I spent the first week of November in China as a guest of the Timber Trade Federation and the China Timber and Wood Products Distribution Association (CTWPDA) who, together with other organizations, hosted a conference on legality training specific for the wood flooring industry.
The first day was mostly presentations by associations and companies and various governmental agencies and I think we’ll just skip discussions of that part and move right into Day Two, which was a small interactive workshop on legality and due diligence techniques and tools. It was very inspirational—companies coming together to both learn and share ideas.
The morning was lectures and presentations. I did a brief presentation on supply chain management and one of my mills reviewed how there were using my previous training on building SOPs based on “Evaluate, Mitigate and Justify.” We had presentations from several associations and third party suppliers of tools and resources to the industry. There was an outline of how to buy Chinese timber legally—a walk through the entire process which I’ve asked get translated into English as soon as possible. Bo Li of the WRI China office did a nice review of conditions and Cindy Squires of the IWPA provided information on TSCA compliance and procedures.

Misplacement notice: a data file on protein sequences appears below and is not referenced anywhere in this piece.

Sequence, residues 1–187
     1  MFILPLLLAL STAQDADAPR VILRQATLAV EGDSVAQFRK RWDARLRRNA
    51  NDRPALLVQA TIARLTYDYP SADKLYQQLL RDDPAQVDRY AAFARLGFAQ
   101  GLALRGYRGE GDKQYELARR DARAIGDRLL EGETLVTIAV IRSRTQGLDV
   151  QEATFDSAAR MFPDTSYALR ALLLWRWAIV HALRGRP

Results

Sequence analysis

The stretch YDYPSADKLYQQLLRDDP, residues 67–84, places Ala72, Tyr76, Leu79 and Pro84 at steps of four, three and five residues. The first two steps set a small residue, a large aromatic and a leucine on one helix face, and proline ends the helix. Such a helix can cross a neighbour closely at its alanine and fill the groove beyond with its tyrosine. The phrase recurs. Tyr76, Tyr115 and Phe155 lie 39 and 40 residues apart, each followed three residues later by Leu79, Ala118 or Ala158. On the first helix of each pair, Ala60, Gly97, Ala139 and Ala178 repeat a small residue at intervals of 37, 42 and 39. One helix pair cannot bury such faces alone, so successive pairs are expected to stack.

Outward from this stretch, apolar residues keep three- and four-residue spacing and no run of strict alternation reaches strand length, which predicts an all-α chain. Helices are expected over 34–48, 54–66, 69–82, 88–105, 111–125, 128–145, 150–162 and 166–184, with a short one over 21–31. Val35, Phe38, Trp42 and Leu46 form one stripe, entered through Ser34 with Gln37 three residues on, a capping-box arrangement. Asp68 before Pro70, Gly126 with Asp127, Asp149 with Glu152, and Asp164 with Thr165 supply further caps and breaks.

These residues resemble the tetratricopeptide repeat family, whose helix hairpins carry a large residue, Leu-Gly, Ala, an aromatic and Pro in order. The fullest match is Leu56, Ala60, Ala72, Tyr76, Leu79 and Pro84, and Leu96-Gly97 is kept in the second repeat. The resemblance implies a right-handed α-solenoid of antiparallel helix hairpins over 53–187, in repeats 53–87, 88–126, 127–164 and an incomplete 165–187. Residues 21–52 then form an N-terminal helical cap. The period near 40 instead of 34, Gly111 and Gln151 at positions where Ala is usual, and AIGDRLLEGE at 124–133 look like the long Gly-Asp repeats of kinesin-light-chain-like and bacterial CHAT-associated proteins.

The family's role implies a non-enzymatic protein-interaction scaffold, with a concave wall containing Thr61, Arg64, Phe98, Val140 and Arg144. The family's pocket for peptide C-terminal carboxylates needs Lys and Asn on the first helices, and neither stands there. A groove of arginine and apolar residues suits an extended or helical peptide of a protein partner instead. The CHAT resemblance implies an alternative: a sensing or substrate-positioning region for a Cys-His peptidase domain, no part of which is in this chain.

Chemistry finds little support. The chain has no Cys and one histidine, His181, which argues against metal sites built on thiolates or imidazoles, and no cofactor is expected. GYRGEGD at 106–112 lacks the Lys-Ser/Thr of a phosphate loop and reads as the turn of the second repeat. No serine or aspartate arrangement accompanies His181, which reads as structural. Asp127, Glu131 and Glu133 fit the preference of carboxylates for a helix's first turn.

The afternoon was very interesting—we broke the attendees into two groups and rotated between the teams to talk about different specific issues such as how to identify the scientific name of the species being traded and how to track recovery. The topics ranged from the broad conceptual issues like building SOPs and employee training to very specific issues like “how do I know which Birch is this?” and “how to I work to verify purchases of Walnut logs from a private logger?” The depth of knowledge by the attendees and their serious approach to compliance and legal purchasing would stun any critic of the Chinese supply chain who tosses out casually “they don’t care.” These people did.
What I like most about these types of meetings, and a large reason why I agreed to participate, is because it gets into the real world and it is cooperative in nature. It was people with real life experience helping others trying to do right. It wasn’t theoretical—it was “I have a problem trying to do X? Who can help?” And people then offered ideas and answers. It wasn’t a government or an ENGO saying “you need to do X,” rather it was business people talking about HOW to do X.
It is an encouraging situation to see not just the desire to learn but how far along many of these companies and individuals are—they understand the rules and the flow of material and they are trying to figure out how to really evaluate and mitigate risk and secure their supply chains.
They were serious people trying to do serious work. In fact, you might say there was only one clown there: